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A Voice for the Poor

Philip Alston describes his goals as an advocate for the rights of the most impoverished.

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Do people have a right to a minimum level of economic welfare? Philip Alston, John Norton Pomeroy Professor of Law, certainly thinks so. He is making it a central issue in his role as UN special rapporteur on extreme poverty and human rights, a three-year appointment that will allow him to investigate and report back on initiatives to protect the rights of people living in extreme poverty across the globe.

This is not Alston’s first time serving as a UN special rapporteur; from 2004 to 2010, the international law professor was the rapporteur on extrajudicial, summary, or arbitrary executions. But his new position comes with a different set of challenges. “At one level,” says Alston, “looking at unlawful killings is much easier, because you can generally count bodies. You can identify specific victims, and you can identify specific perpetrators.”

Video: Alston on taking on the role of rapporteur a second time

By contrast, poverty is often perceived as unsolvable. Extreme poverty is not caused by one factor alone; in addition to failures of governmental policy, causes of poverty can include social discrimination, violent conflict, and environmental conditions such as hurricanes, earthquakes, or climate change. That also means that governments can deflect responsibility and blame extreme poverty on factors out of their control. Says Alston: “The challenge for me is to make sure that what I say identifies tangible challenges that can be met and helps to mobilize broader public opinion to actually do something about the issues.”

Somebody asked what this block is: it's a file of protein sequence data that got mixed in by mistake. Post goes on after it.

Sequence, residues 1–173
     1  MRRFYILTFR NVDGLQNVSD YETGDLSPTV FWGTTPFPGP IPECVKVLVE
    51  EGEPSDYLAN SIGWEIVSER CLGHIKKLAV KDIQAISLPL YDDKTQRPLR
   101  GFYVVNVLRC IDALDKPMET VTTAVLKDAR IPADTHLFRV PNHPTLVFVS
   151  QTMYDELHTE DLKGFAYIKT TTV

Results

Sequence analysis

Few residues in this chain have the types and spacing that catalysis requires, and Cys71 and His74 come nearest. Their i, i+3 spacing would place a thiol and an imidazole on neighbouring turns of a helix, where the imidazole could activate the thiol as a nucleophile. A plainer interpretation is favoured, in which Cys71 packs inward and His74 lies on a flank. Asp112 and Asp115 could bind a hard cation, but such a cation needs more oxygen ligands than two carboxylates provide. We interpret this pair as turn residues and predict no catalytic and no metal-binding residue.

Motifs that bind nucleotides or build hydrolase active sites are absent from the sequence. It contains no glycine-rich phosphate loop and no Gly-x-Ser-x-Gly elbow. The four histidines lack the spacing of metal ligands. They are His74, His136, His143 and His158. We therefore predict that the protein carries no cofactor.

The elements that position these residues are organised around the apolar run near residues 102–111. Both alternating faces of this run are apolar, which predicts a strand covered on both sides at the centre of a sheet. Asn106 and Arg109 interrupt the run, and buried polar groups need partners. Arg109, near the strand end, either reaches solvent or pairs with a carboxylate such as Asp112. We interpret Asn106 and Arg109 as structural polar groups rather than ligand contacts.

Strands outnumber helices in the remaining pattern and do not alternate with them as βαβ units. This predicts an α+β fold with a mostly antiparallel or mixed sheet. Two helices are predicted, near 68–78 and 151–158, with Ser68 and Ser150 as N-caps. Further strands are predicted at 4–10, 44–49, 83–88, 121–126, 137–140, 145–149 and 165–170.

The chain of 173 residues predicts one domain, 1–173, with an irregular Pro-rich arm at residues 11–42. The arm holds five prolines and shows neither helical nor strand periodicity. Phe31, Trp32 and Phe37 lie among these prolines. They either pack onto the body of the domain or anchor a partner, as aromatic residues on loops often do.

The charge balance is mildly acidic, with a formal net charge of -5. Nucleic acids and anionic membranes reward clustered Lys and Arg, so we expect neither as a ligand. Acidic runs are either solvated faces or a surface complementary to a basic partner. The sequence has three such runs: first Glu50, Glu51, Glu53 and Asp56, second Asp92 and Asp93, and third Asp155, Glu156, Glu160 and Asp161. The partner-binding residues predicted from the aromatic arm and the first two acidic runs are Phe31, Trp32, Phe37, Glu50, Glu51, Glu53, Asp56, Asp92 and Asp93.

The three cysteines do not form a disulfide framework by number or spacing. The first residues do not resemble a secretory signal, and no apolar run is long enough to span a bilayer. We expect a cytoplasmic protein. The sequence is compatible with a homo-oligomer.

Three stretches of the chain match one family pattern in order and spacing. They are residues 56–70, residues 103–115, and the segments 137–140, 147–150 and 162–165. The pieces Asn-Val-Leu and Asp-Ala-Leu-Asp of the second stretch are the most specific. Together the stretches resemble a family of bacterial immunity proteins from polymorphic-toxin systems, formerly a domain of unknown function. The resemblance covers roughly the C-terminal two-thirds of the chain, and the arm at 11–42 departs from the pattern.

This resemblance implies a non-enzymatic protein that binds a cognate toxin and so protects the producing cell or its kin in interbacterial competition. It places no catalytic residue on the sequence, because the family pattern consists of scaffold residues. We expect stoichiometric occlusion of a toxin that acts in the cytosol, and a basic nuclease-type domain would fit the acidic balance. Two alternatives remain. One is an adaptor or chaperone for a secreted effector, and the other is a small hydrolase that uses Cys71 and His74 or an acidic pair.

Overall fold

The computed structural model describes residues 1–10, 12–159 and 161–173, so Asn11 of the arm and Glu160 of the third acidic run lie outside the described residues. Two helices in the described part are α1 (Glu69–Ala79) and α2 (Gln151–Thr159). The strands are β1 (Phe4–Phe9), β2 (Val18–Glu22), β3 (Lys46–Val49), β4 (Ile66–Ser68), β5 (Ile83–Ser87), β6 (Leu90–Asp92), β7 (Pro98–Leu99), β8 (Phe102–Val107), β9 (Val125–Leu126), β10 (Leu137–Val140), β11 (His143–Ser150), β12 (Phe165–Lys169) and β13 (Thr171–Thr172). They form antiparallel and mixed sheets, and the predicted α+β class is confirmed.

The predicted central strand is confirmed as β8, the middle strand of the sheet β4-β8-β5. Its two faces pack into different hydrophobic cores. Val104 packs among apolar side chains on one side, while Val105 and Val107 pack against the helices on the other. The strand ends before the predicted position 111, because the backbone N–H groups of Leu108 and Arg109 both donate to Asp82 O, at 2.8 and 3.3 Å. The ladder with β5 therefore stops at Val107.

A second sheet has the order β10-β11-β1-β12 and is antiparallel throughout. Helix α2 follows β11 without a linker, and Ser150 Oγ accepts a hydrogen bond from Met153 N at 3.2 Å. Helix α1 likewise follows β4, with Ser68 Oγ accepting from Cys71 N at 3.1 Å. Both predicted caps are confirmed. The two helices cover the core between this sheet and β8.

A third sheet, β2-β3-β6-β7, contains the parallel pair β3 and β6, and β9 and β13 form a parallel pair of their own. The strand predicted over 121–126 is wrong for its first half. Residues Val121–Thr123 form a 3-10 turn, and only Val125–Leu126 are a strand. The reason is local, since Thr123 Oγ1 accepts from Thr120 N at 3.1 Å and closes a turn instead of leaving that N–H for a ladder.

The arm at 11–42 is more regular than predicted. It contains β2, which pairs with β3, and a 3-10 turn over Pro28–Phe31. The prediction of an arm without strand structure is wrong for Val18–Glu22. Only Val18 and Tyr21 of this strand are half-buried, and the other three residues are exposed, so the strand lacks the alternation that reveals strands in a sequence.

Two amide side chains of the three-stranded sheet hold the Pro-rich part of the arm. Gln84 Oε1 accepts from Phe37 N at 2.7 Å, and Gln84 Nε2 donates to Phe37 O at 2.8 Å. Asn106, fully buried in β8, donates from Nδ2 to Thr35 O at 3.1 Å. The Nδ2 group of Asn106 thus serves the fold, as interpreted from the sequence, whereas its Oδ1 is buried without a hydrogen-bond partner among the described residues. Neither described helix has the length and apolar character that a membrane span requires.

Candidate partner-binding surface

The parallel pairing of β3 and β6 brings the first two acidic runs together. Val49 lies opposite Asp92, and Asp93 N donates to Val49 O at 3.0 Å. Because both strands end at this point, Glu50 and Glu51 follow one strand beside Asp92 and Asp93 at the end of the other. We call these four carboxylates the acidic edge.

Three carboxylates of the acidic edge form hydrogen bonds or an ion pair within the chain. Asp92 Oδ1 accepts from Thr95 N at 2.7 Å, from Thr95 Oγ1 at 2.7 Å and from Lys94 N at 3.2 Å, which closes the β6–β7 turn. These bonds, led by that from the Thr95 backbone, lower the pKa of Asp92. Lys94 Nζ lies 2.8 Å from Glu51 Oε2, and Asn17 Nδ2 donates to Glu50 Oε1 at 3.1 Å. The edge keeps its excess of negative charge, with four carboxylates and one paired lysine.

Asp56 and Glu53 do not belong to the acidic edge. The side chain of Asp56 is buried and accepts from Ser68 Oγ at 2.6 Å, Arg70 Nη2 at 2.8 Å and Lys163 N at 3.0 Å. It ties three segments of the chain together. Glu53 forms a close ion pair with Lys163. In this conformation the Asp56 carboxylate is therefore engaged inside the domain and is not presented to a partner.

One of the reasons NGOs and human rights organizations have tended to stay away from the intersection of economics and human rights, Alston says, is that human rights activists are wary of veering into economic policy debates and are particularly hesitant to advocate for any kind of redistribution of resources. “My view is that without forms of redistribution, which is what progressive taxation is all about, you can achieve only a very limited subset of human rights,” Alston says. “All human rights involve some form of redistribution of resources. And to identify this as a line that can’t be crossed is a big mistake.”

Although conditions of extreme poverty are often more widespread in developing countries, Alston argues that it is important to hold nations accountable according to their resources. “There’s no doubt in the United States that the close to 50 million people who are living in poverty by our own estimates could be lifted out of that poverty with appropriate public policies,” Alston says. That statistic is unacceptable in a country as wealthy as the United States, he argues, and it indicates that as a society, “we don’t consider that there is a right to live in dignity, and with access to the minimum essential economic and social goods that are required.”

Alston has already joined two other UN rapporteurs in condemning the disconnection of water services in Detroit homes where residents cannot pay their bills. That action “constitutes a violation of the human right to water and other international human rights,” they said in a statement. Within days, the Detroit authorities announced that they would revise the policies they had previously insisted were non-negotiable.

As Alston sees it, he must be an effective voice advocating on behalf of the impoverished because circumstances hinder their ability to advocate for themselves. Facing conditions in which access to basic rights such as food, water, and shelter is limited, the extremely poor often cannot exercise their civil and political rights. “They can’t get out to vote, they don’t have the energy, they don’t have the time, they don’t have the transport, they don’t have anything,” Alston says. “So the right to vote is often quite meaningless to them—they’re engaged in a daily struggle for existence.”

Video: Alston on metrics for success

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